Even if you give this wealth with a specific purpose in mind, such as helping your adult child buy their first home, there is no guarantee that the recipient will abide by your wishes.

If you have no agenda in giving the money away, then this shouldn’t be an issue – after all, once you have parted ways with the funds, they are no longer yours to control. But if you would rather offer the gift with the condition of it being used for a specific purpose, there are a few further options you may wish to consider.

· Ringfencing the funds in trust for a specific person and purpose. If you’d like to designate funds for a loved one without simply conducting a bank transfer, using a trust can help you ensure that the money is used for a specific person, by a certain person, and at a certain time if you wish.

· Save or invest the money on the recipient’s behalf. For instance, if the funds are set to help a child buy a property, you could set the money aside in a savings or investment account and only transfer it across when they are ready to make an offer on a home.

· Discuss your intentions with the recipient. While you can’t control how the financial gift is spent once you give it, talking your intentions through with your family member could put both your minds at ease.

Keeping these options in mind could come in useful as you’re preparing to offer wealth as a gift this Christmas, especially if the money is designated for a specific purpose.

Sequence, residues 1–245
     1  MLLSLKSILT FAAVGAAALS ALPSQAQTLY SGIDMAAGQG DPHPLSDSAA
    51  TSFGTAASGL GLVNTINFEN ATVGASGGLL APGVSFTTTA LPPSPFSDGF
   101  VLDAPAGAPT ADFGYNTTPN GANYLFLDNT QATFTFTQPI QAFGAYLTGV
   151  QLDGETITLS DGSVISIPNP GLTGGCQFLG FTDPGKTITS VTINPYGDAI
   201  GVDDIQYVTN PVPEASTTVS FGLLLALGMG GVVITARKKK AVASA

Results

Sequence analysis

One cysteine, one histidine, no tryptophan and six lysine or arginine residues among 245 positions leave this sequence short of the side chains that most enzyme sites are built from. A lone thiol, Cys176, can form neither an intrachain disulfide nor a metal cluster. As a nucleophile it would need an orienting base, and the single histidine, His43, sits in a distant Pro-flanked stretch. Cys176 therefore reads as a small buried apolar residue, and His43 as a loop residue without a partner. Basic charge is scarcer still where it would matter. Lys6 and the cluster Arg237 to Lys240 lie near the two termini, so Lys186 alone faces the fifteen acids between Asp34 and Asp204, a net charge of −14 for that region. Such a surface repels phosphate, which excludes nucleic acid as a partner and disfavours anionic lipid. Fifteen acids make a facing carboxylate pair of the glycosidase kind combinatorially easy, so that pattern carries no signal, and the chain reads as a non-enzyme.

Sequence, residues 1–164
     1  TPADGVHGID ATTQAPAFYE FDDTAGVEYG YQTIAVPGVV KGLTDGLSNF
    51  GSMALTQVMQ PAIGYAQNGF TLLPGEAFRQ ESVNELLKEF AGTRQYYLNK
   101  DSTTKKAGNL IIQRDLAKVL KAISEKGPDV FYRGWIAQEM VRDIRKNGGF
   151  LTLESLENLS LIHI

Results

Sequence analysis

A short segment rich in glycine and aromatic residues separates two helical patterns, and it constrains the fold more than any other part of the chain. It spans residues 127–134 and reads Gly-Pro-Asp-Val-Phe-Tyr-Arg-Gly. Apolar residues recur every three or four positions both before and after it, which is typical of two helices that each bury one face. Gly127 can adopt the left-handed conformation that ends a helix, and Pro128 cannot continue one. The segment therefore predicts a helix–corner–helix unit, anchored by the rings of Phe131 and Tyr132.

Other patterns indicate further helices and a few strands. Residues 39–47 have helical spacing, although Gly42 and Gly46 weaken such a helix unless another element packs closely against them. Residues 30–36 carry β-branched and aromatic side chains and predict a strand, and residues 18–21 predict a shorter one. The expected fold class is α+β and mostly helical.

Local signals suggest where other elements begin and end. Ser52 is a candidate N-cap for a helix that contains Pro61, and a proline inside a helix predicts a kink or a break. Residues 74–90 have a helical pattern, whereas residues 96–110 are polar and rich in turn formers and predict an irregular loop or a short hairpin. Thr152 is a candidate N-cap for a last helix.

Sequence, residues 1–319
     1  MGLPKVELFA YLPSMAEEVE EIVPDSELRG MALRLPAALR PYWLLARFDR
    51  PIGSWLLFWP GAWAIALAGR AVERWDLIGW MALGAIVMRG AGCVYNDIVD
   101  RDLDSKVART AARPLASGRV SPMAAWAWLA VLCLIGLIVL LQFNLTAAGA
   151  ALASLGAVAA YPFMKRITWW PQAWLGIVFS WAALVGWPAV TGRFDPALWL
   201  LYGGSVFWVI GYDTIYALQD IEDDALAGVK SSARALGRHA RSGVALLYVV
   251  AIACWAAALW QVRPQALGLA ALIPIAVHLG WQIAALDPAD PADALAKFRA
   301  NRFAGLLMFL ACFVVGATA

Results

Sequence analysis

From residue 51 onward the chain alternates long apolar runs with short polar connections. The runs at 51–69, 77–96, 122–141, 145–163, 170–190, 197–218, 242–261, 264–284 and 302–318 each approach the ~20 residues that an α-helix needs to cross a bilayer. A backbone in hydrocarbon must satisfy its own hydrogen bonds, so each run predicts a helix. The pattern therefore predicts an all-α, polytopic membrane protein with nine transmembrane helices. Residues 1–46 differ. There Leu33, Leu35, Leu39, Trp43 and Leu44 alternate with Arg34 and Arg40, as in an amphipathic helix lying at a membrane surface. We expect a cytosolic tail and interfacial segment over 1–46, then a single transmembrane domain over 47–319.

3. Does parting with this money fit into my long-term financial plan?

When making any significant transfer of wealth, thinking ahead could be an extremely constructive move.

Not only should you feel comfortable that you can afford to part ways with this money now, but also that it is unlikely to put your future financial viability at risk.

So, as you’re preparing to make a financial gift this Christmas, perhaps consider discussing the potential impact on your wealth with a Kellands financial planner first. Our experts are equipped to help make your goals possible, including giving financial gifts to your loved ones, and can adjust your financial plan according to these wishes.

What’s more, we can talk you through the specific tax implications of any financial gifts you offer to others, whether as a one-off or on a regular basis. If you’d like to include the recipient of the gift in these conversations, we’re happy to discuss these plans with anyone you choose to involve.

Get in touch

To discuss the prospect of offering financial gifts to your loved ones, either at Christmas or at any other time, email us at hale@kelland.co.uk, or call 0161 929 8838.

Please note

This blog is for general information only and does not constitute advice. The information is aimed at retail clients only.

The Financial Conduct Authority does not regulate estate planning, tax planning or will writing.

The value of your investment can go down as well as up and you may not get back the full amount you invested. Past performance is not a reliable indicator of future performance.